Tromping through thick brush. Sloshing through ankle-deep water and over slippery river rocks. Mastering a tricky procedure on a small subject.

All in a special day’s work for the Minnesota Zoo’s animal health staff as they – and their special skill set – joined the Zoo’s turtle conservation team in the field for the first time.

This summer, veterinary technicians Bob Korman and Jenny Prom and veterinary intern Dr. Maya Iyer DVM trekked with the Zoo’s wildlife conservation specialist Dr. Tricia Markle through the habitat of the wood turtle in southern Minnesota. They were in pursuit of this elusive animal and the genetic information that could help save its species.

The Minnesota Zoo’s animal health staff – the veterinarians and certified veterinary technicians – are housed in the same building as the conservation team that includes Dr. Markle. They’re colleagues and collaborators. But this field day marked a new way for vet techs to share their animal expertise.

Dr. Tricia Markle, wildlife conservation specialist at the Minnesota Zoo, uses radio telemetry in the field to track wood turtles.

For Freshwater Turtles

Since 2017, Dr. Markle has tracked wood turtles in southern Minnesota as part of the Minnesota Zoo’s many efforts for freshwater turtle conservation. She works closely with the Minnesota Department of Natural Resources which has been studying and managing this threatened species for decades.

Markle was at a turtle conservation conference in July 2023 when she was approached by a fellow researcher about contributing to a study of wood turtle genetics. They didn’t have any genetic samples from wild wood turtles in southern Minnesota. Could the Minnesota Zoo help collect blood?

She knew how to find the turtles, but the study protocol required that the personnel doing the blood draws must be trained by veterinarians. Markle didn’t have those skills or training herself.  But luckily, there was help to be had just down the hall from her office.

Collecting for Conservation

Cleanly, carefully, quickly. That’s how the animal health staff had to collect the blood samples to meet the protocol of the research study.

“It was very tricky at first,” Markle says of finding a good way to gently stretch the turtle to expose the vein in the neck or tail.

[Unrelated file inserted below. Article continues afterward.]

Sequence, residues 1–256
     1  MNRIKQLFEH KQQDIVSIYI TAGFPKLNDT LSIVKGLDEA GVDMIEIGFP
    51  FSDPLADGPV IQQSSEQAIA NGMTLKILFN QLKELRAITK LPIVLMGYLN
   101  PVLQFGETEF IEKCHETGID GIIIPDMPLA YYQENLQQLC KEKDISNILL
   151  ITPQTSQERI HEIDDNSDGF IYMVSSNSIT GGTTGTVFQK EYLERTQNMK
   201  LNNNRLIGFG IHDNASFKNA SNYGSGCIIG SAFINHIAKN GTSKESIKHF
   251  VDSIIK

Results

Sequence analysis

But soon Korman, Prom, and Dr. Iyer had a handle on it. One held the turtle while the second inserted the needle, filled the vial, then pressed on the vein to stop the blood flow.  Everything neatly labeled and data recorded in detail. Then the wood turtle was released right where they found it.

The vials of blood returned to the Zoo, were stabilized for shipment, then sent off to a lab for analysis. The findings of the study will be shared with wildlife conservationists and managers across the North American range of the wood turtle.

Minnesota Zoo veterinary technician Jenny Prom, left, works with Minnesota DNR herpetologist Carol Hall to locate and draw blood samples from wood turtles in southern Minnesota.

“The idea is to compare populations,” Markle says. “Through genetic analysis we can see how populations are related, which lineages are doing well, and which might need more diversity.”

Conservationists will use the information to better manage wild populations. And it could even help with law enforcement.

One of the major threats facing wood turtles is the illegal wildlife trade. Poachers take wild turtles and smuggle them overseas to sell as pets.

“When poachers are caught, they’re not very cooperative,” Markle says. “They’re not going to say where they found the turtles.”

Without that critical information, confiscated wood turtles cannot be released into the wild. Instead, they find homes in zoos or nature centers.

“But if we can get this genetic information, we could return them to the population and area where they were taken,” Markle says. “That’s the ideal.”

And with the knowledge of where poachers operate, there’s hope wood turtles can be protected from poaching and kept off the black market.

Contributing to this genetic research is another important way the Minnesota Zoo can contribute to wood turtle conservation. This work is possible because of strong partnerships between conservationists and animal health staff. They share a building – and a mission to save wildlife.

“I really needed people with experience to have any hope of getting samples,” Markle says. “I couldn’t have done it without the vet techs!”

Learn more about the Minnesota Zoo’s efforts to save freshwater turtles—and how you can help.